William H. Sweet, a Deputy Fire Marshal with the Pennsylvania
State Police performed the fire investigation. He arrested
[Smallwood] on September 4, 1972.
The Commonwealth's case against [Smallwood] was composed
primarily of circumstantial evidence. This circumstantial
evidence included both findings from the fire investigation
as well as evidence that [Smallwood] possessed the means,
motive and opportunity to commit the arson.
At trial, Trooper Sweet testified that the fire was
incendiary. His opinion was based largely on eyewitness
testimony which suggested that the fire had "started in
two separate places without interconnecting trails."
Although the eyewitness testimony was imprecise with regard
to the timing of when each saw the fire, Trooper Sweet
determined that the fire "started in two separate
places." Through his investigation, however, he was not
able to learn precisely what caused the fire. Nevertheless,
he did opine that it was arson.
At the evidentiary hearing held in connection with the
instant petition, Dr. Jason Sutula testified on behalf of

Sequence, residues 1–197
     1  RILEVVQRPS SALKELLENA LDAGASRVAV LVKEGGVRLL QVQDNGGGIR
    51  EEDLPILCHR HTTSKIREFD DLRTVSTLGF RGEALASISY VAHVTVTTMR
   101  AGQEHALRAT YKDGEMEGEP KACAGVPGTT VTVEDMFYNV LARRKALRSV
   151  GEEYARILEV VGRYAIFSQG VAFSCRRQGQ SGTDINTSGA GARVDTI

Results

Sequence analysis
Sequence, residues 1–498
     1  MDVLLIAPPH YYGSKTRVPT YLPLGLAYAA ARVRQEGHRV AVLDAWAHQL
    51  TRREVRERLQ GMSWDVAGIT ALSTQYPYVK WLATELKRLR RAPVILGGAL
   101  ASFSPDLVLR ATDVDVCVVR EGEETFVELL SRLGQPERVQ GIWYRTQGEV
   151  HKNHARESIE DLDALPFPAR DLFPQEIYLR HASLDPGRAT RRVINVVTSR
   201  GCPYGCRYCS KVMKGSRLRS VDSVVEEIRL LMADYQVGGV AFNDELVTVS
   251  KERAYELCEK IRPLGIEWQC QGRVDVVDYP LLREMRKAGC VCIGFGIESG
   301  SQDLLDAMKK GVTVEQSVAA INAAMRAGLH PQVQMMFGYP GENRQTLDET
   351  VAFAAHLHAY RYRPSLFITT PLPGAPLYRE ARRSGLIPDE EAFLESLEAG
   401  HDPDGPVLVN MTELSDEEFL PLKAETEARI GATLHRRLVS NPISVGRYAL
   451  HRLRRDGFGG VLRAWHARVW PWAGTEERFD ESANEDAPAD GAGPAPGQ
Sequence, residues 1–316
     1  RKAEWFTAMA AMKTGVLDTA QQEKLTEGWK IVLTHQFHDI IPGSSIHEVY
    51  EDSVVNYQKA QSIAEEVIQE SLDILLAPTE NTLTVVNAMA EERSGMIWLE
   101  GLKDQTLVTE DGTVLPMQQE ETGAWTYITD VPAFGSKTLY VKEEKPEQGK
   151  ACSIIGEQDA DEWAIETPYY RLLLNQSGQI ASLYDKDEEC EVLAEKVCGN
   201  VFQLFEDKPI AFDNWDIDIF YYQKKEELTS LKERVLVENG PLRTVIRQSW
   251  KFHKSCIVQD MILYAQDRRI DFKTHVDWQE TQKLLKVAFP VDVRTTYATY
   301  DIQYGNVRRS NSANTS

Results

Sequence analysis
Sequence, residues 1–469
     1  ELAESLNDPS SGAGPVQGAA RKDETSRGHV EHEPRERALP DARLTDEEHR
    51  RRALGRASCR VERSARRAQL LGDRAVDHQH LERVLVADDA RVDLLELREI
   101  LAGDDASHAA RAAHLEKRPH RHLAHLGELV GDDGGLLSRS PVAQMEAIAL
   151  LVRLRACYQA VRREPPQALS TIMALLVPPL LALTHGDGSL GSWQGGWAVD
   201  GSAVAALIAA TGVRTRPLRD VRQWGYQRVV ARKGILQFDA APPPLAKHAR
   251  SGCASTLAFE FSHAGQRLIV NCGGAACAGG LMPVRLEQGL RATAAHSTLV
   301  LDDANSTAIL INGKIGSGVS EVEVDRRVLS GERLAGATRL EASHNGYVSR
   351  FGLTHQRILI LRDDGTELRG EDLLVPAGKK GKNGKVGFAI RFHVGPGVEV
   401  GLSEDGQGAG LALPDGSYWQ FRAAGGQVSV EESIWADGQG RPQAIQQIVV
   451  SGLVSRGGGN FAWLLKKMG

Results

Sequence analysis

[Smallwood]. He was qualified as an expert in the field of
fire investigation. He identified the National Fire
Protection Association Publication 921 ("NFPA
921") as the "gold standard" for fire
investigators. It was first published in 1992 and has been
revised numerous times since then. Applying the methodology
of NFPA 921 to this case, Dr. Sutula took issue with Trooper
Sweet's conclusions 1) that the fire was arson; and 2)
that there were two points of origin.
Dr. Sutula pointed out that Trooper Sweet's
classification of the fire as incendiary was
"premature." He went on to explain that pursuant to
NFPA 921 principles, a fire cannot be classified as